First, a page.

The Indo-US submarine rescue exercise 'INDIAEX-2012' kicked off this week with the US Navy's Undersea Rescue Command flying down a submarine rescue system - a deep-submergence rescue vessel (DSRV) or a submarine rescue chamber (SRC) — to Mumbai, say officials.
The DSRV or SRC is being shipped to the exercise area off Mumbai, where it will dive deep underwater to "mate'' with "disabled'' submarines to rescue sailors in intricate manoeuvres rarely practised by Indian sailors.
A DSRV or "mini submarine", equipped with pressurised chambers, sonars and cameras, can rescue 24 sailors at a time from a depth up to 610 metre after "mating" with a stricken vessel's hatch.
At present, Indian sailors only bank upon "submarine escape pressurized suits'', or the help of diving support ships like INS Nireekshak, but they can be used only for relatively shallow depths.
Navy's endeavour to procure two DSRVs of its own, for just about Rs 1,000 crore, has been stuck in the doldrums for well over a decade now. As "an interim measure" in 1997, India had inked the contract with US Navy for its "global submarine rescue fly-away kit'' service, paying an initial $734,443 for it.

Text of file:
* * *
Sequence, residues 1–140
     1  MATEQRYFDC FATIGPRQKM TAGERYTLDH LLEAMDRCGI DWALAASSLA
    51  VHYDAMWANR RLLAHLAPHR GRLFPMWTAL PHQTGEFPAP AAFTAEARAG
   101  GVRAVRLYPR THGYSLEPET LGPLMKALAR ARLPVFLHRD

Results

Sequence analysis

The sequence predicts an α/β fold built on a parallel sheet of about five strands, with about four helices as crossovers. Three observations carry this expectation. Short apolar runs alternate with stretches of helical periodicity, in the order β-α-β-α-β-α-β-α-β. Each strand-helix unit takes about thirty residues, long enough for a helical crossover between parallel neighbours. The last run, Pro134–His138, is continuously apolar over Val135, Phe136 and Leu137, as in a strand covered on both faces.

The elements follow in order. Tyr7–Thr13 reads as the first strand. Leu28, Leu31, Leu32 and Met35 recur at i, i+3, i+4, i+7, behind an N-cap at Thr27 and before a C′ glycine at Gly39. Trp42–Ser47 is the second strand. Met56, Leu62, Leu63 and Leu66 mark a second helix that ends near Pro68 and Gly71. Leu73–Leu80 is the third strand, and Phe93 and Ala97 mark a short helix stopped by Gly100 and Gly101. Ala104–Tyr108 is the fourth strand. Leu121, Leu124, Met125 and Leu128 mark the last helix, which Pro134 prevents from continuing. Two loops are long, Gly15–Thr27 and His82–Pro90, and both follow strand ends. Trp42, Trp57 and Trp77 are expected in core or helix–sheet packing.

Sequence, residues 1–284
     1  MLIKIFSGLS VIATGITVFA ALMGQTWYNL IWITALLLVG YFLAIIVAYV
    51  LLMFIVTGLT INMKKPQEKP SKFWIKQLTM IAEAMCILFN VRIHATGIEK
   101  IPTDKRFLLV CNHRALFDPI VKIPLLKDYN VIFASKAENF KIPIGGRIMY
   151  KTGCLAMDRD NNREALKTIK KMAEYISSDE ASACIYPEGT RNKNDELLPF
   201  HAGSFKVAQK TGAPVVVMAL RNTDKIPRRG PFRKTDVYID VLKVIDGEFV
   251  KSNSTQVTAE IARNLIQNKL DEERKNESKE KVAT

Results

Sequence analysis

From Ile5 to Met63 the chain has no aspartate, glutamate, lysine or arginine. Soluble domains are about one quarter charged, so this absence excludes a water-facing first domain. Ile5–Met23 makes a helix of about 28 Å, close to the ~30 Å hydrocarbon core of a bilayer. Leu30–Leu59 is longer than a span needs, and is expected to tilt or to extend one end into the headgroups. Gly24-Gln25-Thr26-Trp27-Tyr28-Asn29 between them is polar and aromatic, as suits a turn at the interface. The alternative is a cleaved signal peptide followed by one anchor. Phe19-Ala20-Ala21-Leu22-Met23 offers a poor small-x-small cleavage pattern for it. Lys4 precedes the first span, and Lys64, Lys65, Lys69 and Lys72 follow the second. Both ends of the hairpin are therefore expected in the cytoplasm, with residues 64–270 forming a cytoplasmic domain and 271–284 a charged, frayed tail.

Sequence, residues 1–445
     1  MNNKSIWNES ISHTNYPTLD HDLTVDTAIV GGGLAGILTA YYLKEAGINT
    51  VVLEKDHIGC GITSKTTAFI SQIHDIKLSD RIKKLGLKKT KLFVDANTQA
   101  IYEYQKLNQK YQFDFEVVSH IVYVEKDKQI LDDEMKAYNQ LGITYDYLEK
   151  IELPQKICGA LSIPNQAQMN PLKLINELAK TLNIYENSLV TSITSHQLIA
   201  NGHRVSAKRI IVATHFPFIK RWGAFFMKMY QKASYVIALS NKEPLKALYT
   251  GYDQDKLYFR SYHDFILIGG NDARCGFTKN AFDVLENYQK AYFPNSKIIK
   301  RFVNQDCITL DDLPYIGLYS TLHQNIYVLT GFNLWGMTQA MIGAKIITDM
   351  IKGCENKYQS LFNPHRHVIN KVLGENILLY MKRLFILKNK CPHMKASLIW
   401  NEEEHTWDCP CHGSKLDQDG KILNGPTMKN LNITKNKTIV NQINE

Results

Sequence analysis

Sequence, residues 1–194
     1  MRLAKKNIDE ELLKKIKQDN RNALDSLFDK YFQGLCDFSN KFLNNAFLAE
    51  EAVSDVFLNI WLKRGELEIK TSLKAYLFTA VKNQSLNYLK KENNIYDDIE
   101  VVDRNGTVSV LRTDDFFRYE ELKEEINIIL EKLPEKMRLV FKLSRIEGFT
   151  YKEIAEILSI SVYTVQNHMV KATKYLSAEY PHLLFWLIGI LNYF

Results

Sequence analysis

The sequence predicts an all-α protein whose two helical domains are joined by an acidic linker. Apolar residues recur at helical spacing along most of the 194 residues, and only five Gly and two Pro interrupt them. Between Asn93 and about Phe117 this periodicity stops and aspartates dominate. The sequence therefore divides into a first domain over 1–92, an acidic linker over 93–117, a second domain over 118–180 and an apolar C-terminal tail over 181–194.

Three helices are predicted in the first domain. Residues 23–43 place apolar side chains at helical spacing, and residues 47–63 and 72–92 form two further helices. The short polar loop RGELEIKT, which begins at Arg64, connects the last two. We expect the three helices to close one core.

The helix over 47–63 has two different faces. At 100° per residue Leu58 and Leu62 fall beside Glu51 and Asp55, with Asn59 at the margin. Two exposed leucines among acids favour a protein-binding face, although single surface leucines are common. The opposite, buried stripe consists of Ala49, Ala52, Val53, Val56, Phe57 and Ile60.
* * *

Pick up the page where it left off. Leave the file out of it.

But the agreement also got derailed due to the post-Pokhran-II sanctions in 1998. It was later revived in 2004, but there has been a huge delay in setting up the requisite infrastructure needed for it.
This also included fitting of "Padeyes'' — holding devices welded into submarine escape hatches to secure the DSRV — on Indian submarines. The US rescue system will be transported to India within 72 hours of an emergency.
Proper submarine rescue facilities are critical for India since it has an ageing fleet of 14 diesel-electric submarines — 10 Russian `Kilo' class and four German HDW ones — apart from the nuclear-powered INS Chakra leased from Russia earlier this year. There are also six French Scorpene submarines, being constructed at Mazagon Docks under the Rs 23,562 crore 'Project-75', slated for delivery in 2015-2020, three years behind schedule.